Hyundai Tuscani

12 Jun 2014 | Author: | Comments Off on Hyundai Tuscani
Hyundai Tuscani

Hyundai Tuscani

(Tiburon / Coupe)

H yundai wants to sell 80,000 Tuscani each year, which is quite ambitious these days. 15 years ago, selling up to 100,000 coupes annually was a comfortable task to Japanese car makers, because price and quality were on their side. How can they produced coupes so cheap. because they utilized component sharing with their mass production sedans. As the market trend switched to roadsters, whose distinctive construction made platform sharing impossible, Japanese found themselves slipping.

At the same time, traditional coupe market was being eaten by roadsters, hot hatches, RVs and the like of WRX, that means producing an affordable yet high-quality coupe became more and more difficult. Today, only Toyota Celica and Honda Integra are surviving in the international market.

Even though under such background, Tuscani does not try to deviate from the successful formula the Japanese established decades ago. Apart from keen pricing, it followed the Japanese’ footprints to upgrade build quality to match or even surpass rivals at the same price range – Japanese included now. Look at the interior and you’ll see what I mean – the plastic used are obviously more expensive than, say, a Celica.

In many ways it looks and feels very like Ford Mondeo, such as the texture over plastic surfaces, the metal-effect console panel and dials with chromed rims. Assembly are generally faultless, which is hardly any surprise for the post-XG Hyundai.

The outlook design is also very well executed. Generally speaking, it looks handsomer than the new Integra. Comparing it with Celica and Silvia is more difficult, since the new Hyundai coupe tries to look expensive rather than aggressive. Again, it was styled by American in the company’s California studio, no wonder from the side it looks similar to Ford Mustang. However, we still have to criticize the designer because he obviously copied the rear quarter window and C-pillar of Ferrari 456GT.

Looking at the details, I also find Audi TT’s machined metallic filler cap, Volkswagen Polo’s dashboard, Aston Martin Project Vantage’s air vents and Lexus IS200’s shifter gate. To make things worse, it even adopts a name just differing from a TVR by one alphabetic letter. luckily, the company will continue to badge it as Coupe in Europe and Tiburon in North America, otherwise it would have been charged by TVR.

Compare with the outgoing Tiburon, the new Tuscani is 50mm longer, 30mm wider, 27mm taller and offers 55mm longer wheelbase. This mean it is considerably wider and taller than rivals, although length and wheelbase are still modest. 2 people enjoyed good comfort in the supportive Recaro-designed seats.

Rear seats are still reserved for small children or dogs.

From the handsome outlook you might not believe it is built on the platform of Elantra, that ugly thing. Suspensions are MacPherson struts up front and simple dual-link struts at the rear, in other words, unchanged from the old car. Compare to the Japanese rivals’ double wishbones (Celica and Integra) or multi-link (Silvia) rear suspensions, Hyundai Tuscani obviously spent the least money in chassis.

Road testers confirmed my observations – the car is safe to handle but not very inspiring. Steering feel and response is not bad, but not as sharp as Celica’s. In fact, chassis response is also far from sharp. Once enter twisty roads, it understeers early, so is the intervention of Traction Control.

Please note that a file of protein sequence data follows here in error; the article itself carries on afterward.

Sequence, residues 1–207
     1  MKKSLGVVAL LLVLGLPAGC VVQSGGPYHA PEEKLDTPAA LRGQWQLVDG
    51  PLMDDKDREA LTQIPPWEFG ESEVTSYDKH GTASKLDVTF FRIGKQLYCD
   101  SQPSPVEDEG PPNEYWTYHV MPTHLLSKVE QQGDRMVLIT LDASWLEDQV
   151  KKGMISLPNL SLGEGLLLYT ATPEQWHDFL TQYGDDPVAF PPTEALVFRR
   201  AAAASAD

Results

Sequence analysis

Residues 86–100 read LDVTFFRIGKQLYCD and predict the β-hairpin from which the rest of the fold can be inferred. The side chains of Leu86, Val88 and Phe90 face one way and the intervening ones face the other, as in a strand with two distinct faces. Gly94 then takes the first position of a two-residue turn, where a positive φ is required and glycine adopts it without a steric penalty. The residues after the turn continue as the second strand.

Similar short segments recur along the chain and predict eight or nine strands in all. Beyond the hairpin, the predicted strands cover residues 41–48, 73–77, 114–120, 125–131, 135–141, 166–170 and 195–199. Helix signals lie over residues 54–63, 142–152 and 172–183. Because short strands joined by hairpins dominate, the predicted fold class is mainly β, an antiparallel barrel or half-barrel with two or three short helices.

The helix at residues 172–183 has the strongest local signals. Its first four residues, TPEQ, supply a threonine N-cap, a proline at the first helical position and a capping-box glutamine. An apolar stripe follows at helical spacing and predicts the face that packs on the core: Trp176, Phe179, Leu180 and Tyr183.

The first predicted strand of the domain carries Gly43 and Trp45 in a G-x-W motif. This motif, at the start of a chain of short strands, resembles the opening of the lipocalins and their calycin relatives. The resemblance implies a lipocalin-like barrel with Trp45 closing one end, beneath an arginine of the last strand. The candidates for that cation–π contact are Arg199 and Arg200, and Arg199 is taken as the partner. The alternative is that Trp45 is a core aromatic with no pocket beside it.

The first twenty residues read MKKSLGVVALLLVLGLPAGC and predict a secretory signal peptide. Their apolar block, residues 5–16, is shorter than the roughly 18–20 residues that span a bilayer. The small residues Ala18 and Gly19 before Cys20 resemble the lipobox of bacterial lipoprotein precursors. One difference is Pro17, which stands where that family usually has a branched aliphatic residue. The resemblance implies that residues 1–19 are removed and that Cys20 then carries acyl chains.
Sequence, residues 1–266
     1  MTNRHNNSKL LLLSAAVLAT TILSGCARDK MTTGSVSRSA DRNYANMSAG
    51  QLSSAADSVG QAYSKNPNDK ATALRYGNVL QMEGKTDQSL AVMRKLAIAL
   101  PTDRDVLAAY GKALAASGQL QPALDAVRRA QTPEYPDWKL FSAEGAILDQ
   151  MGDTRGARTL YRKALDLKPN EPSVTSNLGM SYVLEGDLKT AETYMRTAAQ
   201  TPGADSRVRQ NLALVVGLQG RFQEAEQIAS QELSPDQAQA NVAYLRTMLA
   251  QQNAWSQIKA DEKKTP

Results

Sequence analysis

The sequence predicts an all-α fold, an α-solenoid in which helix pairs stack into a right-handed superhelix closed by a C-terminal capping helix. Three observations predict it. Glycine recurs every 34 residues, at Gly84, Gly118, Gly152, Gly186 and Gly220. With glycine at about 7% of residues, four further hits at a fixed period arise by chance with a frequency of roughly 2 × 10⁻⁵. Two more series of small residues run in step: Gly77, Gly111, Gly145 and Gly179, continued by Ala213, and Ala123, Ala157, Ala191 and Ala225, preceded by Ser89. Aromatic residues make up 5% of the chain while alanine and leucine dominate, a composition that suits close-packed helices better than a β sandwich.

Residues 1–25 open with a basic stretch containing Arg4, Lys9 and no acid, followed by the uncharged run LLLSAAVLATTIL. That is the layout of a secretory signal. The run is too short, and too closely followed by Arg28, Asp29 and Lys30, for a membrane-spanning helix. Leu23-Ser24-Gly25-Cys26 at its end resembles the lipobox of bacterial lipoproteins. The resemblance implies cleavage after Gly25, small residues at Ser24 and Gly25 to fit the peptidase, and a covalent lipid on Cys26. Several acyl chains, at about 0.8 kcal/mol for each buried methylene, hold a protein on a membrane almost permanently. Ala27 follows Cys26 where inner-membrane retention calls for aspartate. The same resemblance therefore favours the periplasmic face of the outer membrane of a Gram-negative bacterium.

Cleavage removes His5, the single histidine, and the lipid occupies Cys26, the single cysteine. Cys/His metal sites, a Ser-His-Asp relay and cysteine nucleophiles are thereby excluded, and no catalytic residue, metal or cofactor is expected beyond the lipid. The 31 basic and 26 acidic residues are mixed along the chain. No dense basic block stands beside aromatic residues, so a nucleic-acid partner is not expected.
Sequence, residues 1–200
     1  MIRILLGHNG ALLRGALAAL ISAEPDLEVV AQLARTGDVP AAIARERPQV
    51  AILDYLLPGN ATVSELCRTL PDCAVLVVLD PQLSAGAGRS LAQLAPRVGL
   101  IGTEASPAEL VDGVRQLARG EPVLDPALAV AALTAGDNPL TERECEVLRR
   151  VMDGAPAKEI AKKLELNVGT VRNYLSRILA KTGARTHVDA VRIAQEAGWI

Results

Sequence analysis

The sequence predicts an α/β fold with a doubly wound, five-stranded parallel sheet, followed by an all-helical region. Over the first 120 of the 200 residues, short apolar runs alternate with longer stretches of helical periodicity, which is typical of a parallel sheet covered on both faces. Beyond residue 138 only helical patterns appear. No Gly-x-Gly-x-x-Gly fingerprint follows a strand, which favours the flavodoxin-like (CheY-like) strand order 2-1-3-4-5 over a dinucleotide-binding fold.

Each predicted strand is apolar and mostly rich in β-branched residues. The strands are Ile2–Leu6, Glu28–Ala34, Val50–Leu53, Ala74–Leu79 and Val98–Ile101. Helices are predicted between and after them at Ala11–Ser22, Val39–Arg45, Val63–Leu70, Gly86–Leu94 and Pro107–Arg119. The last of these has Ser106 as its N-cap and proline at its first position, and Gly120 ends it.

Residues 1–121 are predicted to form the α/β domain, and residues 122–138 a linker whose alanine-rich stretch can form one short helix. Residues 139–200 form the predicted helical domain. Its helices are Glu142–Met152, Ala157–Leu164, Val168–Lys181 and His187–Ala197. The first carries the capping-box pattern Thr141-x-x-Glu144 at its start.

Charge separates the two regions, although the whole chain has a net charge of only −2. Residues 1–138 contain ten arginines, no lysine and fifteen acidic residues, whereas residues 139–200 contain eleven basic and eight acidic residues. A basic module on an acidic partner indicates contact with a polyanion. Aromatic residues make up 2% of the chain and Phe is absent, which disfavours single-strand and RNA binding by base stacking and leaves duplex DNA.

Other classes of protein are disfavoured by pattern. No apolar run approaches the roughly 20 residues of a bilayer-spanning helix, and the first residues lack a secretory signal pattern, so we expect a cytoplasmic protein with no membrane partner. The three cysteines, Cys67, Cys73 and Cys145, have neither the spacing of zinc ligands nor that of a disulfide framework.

Ride quality is stiff and harsh at low speed bumps, but as speed increase it improves. A similar thing is found in cornering: it feels big to handle on twisty roads, but in high speed bend it displays good stability. As we know, the Tuscani was tuned in Germany by the company’s RD center at Frankfurt, so it is not surprising it favour smooth and fast highways.

Hyundai Tuscani

Top model enjoys a 2.7-litre V6 transferring from Santa Fe and Trajet. That might raise your pulse at first, but in fact it provides extra refinement rather than excitement. Hyundai should have modified the engine with new heads or exhaust etc. to squeeze out more power, say, 190-200hp, but finally it did nothing. That means the sportiest cars in Hyundai shares an engine with an offroader and a MPV. it outputs 167hp and 180lbft (domestic version is rated at 175hp).

Then, considering the kerb weight of 1340kg (150 more than Celica), the best you can hope is 8 seconds to do 0-60. Hardly exciting. You might hope its new 6-speed manual gearbox to compensate some excitement, but then again the shift quality is not that slick.

Maybe lay a little back to enjoy the torque and refinement of the V6 is a better idea. Yes, in terms of smoothness there is still no four-cylinder – balance-shafted or not – can match an inherently balanced V engine. The V6 is also very quiet, so you might forget that you are driving a Hyundai.

Now you feel Hyundai has grown up, so have you.

Nevertheless, we don’t want to be old. We buy coupes because we are not yet old, or at least we are not willing to admit we are old. Therefore the Tuscani is not our choice by heart. If we are really old, its rear seats won’t fit our children too.

Then I’d consider a Peugeot 406 Coupe instead.

The above report was last updated on 14 Dec 2001. All Rights Reserved.

Hyundai Tuscani
Hyundai Tuscani
Hyundai Tuscani
Hyundai Tuscani
Hyundai Tuscani
Hyundai Tuscani
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